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Semantic and phonetic enhancements for speech-in-noise recognition by native and non-native listeners.
J Acoust Soc Am. 2007 Apr; 121(4):2339-49.JA

Abstract

Previous research has shown that speech recognition differences between native and proficient non-native listeners emerge under suboptimal conditions. Current evidence has suggested that the key deficit that underlies this disproportionate effect of unfavorable listening conditions for non-native listeners is their less effective use of compensatory information at higher levels of processing to recover from information loss at the phoneme identification level. The present study investigated whether this non-native disadvantage could be overcome if enhancements at various levels of processing were presented in combination. Native and non-native listeners were presented with English sentences in which the final word varied in predictability and which were produced in either plain or clear speech. Results showed that, relative to the low-predictability-plain-speech baseline condition, non-native listener final word recognition improved only when both semantic and acoustic enhancements were available (high-predictability-clear-speech). In contrast, the native listeners benefited from each source of enhancement separately and in combination. These results suggests that native and non-native listeners apply similar strategies for speech-in-noise perception: The crucial difference is in the signal clarity required for contextual information to be effective, rather than in an inability of non-native listeners to take advantage of this contextual information per se.

Authors+Show Affiliations

Department of Linguistics, Northwestern University, Evanston, Illinois 60208, USA. abradlow@northwestern.eduNo affiliation info available

Pub Type(s)

Journal Article
Research Support, N.I.H., Extramural

Language

eng

PubMed ID

17471746

Citation

Bradlow, Ann R., and Jennifer A. Alexander. "Semantic and Phonetic Enhancements for Speech-in-noise Recognition By Native and Non-native Listeners." The Journal of the Acoustical Society of America, vol. 121, no. 4, 2007, pp. 2339-49.
Bradlow AR, Alexander JA. Semantic and phonetic enhancements for speech-in-noise recognition by native and non-native listeners. J Acoust Soc Am. 2007;121(4):2339-49.
Bradlow, A. R., & Alexander, J. A. (2007). Semantic and phonetic enhancements for speech-in-noise recognition by native and non-native listeners. The Journal of the Acoustical Society of America, 121(4), 2339-49.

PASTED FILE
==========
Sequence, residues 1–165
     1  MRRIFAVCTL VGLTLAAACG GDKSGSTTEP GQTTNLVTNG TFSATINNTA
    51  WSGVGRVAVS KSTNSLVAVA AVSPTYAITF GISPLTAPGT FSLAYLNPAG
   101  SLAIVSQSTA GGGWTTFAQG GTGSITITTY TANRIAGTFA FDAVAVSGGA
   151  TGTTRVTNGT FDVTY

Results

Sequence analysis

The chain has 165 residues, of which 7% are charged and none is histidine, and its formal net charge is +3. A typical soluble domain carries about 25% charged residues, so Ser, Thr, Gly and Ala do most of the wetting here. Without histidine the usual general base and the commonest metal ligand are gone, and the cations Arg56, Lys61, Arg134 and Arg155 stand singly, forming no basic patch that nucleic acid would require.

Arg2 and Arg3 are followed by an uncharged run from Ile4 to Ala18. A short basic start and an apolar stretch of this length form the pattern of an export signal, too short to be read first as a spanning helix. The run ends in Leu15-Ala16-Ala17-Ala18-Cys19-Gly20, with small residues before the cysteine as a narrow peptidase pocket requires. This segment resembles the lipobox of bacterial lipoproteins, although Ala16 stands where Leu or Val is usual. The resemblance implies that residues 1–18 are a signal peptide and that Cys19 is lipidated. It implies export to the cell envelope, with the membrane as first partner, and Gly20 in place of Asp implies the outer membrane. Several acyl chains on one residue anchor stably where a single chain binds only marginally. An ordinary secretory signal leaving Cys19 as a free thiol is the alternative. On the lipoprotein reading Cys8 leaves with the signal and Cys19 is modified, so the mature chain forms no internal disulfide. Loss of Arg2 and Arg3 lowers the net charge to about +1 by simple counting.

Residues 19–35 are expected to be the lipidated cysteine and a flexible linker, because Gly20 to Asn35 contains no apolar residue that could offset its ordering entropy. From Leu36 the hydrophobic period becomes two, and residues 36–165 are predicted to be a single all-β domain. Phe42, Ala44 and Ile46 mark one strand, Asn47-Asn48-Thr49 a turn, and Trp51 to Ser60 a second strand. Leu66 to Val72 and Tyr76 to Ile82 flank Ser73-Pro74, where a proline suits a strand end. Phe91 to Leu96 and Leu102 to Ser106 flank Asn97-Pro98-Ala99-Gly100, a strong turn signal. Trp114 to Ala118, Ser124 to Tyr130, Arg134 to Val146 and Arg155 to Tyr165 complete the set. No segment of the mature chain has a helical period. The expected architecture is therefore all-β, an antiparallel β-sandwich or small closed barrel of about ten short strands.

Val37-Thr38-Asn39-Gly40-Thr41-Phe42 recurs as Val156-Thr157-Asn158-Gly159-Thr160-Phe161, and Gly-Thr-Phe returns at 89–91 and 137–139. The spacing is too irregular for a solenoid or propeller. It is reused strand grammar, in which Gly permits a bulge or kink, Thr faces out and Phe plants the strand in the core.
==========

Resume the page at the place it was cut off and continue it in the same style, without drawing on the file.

Bradlow AR, Alexander JA. Semantic and Phonetic Enhancements for Speech-in-noise Recognition By Native and Non-native Listeners. J Acoust Soc Am. 2007;121(4):2339-49. PubMed PMID: 17471746.
* Article titles in AMA citation format should be in sentence-case
TY - JOUR T1 - Semantic and phonetic enhancements for speech-in-noise recognition by native and non-native listeners. AU - Bradlow,Ann R, AU - Alexander,Jennifer A, PY - 2007/5/3/pubmed PY - 2007/6/15/medline PY - 2007/5/3/entrez SP - 2339 EP - 49 JF - The Journal of the Acoustical Society of America JO - J. Acoust. Soc. Am. VL - 121 IS - 4 N2 - Previous research has shown that speech recognition differences between native and proficient non-native listeners emerge under suboptimal conditions. Current evidence has suggested that the key deficit that underlies this disproportionate effect of unfavorable listening conditions for non-native listeners is their less effective use of compensatory information at higher levels of processing to recover from information loss at the phoneme identification level. The present study investigated whether this non-native disadvantage could be overcome if enhancements at various levels of processing were presented in combination. Native and non-native listeners were presented with English sentences in which the final word varied in predictability and which were produced in either plain or clear speech. Results showed that, relative to the low-predictability-plain-speech baseline condition, non-native listener final word recognition improved only when both semantic and acoustic enhancements were available (high-predictability-clear-speech). In contrast, the native listeners benefited from each source of enhancement separately and in combination. These results suggests that native and non-native listeners apply similar strategies for speech-in-noise perception: The crucial difference is in the signal clarity required for contextual information to be effective, rather than in an inability of non-native listeners to take advantage of this contextual information per se. SN - 0001-4966 UR - https://www.unboundmedicine.com/medline/citation/17471746/Semantic_and_phonetic_enhancements_for_speech_in_noise_recognition_by_native_and_non_native_listeners_ L2 - https://dx.doi.org/10.1121/1.2642103 DB - PRIME DP - Unbound Medicine ER -